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Quick fixes for common 3D print failures

Hi, my name is Josh, I started as an intern here at Authentise a few months ago and now I have been promoted to software developer.

It is true that most of the prints fail due to either bad calibration or incorrect slicing settings. One of the main things that has happened to me though is bad adhesion. Even on a well calibrated printer, with the correct settings, this can be a problem but there are a few easy steps to ensure that your prints stick. Since I joined the company I have learned a lot about 3D printers and I will share in this post some of my findings.

Leveling the Z-axis

Here you want to ensure that the bed is level as well as the appropriate distance away from the head where the filament escapes.Starting off I like to use a card or a piece of paper. Sometimes a piece of paper makes it too close though, so I recommend just a regular business card.

The main thing you will be calibrating is the center of the bed, where most of your prints happen, but you also want to ensure the bed is leveled in each corner, especially next to knobs or screws.o find out whether or not the bed is too close, I like to have a slight resistance against the card when leveling and try to make all points on the bed the same amount of resistance.

Your prints can also tell you what you need to focus when leveling: If the bottom layer is squished and extended out a little bit further than the other layers, or if the bed is too far from the nozzle, you will be able to see gaps in your bottom layer. A good bottom layer consists of the outer perimeter being flush and smooth all the way to the bottom. If you look at the bottom of the print you should be able to make out the exact paths of the print head instead of it all being smushed together. With layers like that it will be very hard to take your print off your bed and if the bed is too far it definitely won't stick.

Using blue tape (painter's tape) is also very popular. If you have a glass bed or aluminium.air spray can also be a handy primer for your print bed. If you can invest a little more, zebra plates and BuildTak also look like very good solutions:

Here at the Authentise we currently use Buildtak and we really want to try Zebra Plates. If you have used them and want to share your experience with us, tweeting to @authentise.

Slicing for success

Now let's make sure your slicing setting are helping you:

First layer speed - The first layer is the most important layer when it comes to a successful print. Take your time on it, lower the speed and increase your chances of success.

Extrusion Width - Increasing the Extrusion width buy 25% or 50% can help your print stick by extruding more filament. But be careful, as it can also mess with the height of the filament and cause your hot end to grind against the plastic. Don't over do it!

Increase layer height - Layer height can drastically change your prints as well as cut down the print time, but when it comes to adhesion it can make a print stick or not. If you are having problems with adhesion, try increasing layer height to around .3mm or higher if necessary.

Adding a raft or brim - I normally try to avoid using rafts unless there isn't that much of the print touching the bed. They can fix adhesion problems but it does use a lot of extra filament.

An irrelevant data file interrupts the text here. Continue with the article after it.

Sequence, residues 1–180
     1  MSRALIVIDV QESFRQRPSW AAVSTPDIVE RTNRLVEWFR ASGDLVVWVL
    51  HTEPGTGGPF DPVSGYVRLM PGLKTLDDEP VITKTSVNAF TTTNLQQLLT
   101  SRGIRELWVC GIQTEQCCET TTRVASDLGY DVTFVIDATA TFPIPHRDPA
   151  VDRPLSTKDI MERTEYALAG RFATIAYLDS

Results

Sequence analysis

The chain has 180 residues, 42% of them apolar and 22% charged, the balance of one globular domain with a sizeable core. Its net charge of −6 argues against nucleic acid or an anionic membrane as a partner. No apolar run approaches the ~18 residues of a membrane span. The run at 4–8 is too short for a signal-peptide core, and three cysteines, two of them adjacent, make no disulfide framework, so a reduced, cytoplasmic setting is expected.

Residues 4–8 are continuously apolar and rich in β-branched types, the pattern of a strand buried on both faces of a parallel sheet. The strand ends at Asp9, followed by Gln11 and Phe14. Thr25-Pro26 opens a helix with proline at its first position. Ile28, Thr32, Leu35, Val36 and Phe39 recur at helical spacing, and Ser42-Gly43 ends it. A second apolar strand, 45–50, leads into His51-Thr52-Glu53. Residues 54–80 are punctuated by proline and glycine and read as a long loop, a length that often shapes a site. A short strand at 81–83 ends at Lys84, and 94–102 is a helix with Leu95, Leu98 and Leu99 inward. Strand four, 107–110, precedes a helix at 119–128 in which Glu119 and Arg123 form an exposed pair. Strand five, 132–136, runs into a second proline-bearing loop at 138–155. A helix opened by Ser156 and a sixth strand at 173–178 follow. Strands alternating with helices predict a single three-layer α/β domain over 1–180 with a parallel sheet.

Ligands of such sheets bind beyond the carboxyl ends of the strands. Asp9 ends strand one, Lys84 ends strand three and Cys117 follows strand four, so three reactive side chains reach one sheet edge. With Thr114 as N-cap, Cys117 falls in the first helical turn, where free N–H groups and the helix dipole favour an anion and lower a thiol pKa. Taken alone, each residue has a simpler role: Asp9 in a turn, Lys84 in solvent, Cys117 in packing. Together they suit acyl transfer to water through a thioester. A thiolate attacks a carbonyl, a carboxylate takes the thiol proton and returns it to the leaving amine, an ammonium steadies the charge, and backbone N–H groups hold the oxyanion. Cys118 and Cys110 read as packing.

Adding a skirt - If your printer takes a few seconds to start getting a good flow of filament, a skirt can really help by priming the nozzle and making sure the filament is coming out smooth before it starts the real print.

Adding more base Layers - Adding more solid base layers can help with adhesion as well, but unfortunately it is usually not as successful as the other tips above.

Corner lift

Another problem very similar to adhesion is corner lift. Corner lift is where the outside corners of a print lift from the build plate. It happens because when the plastic starts cooling down, the material contracts, pulling up the bottom of the print. The are more likely to be affected are the corners and here are some ways to work around this annoying problem:

Raft - A raft can also help here. It will surround the corners with more surface area, giving it more strength to stay in the form, instead of curling up. The one downside is still the extra filament used. You can learn more about rafts here.

Mickey Mouse ears - If you have modeling experience, one of the quickest and cleanest ways I've come across is adding what we call "Mickey Mouse ears" onto whatever corner or side is curling up. Mickey Mouse ears are small circular discs that you add to the edge of whatever is curling to give it more connection to the bed. It works like a raft would, without the drastic increase in filament and the risk of not being able to take the raft off. They will bend and snap off, and then you can smooth or cut out the edge with sandpaper or knife, depending on how clean it comes off.

As I said earlier, this is very similar to adhesion: bed leveling could be causing the corner lift. It just won't stick to the bed as good as it could.

Be centered

One last tip for those of you using heated beds: Being too close to the edge of the bed could be a problem as well since the bed gets cooler the farther you are from the center. Centering your print to the bed can work miracles.


Hope you find my tips useful. Do you have other tips you would like to share? Tweet to@Authentise. and we will post them here!

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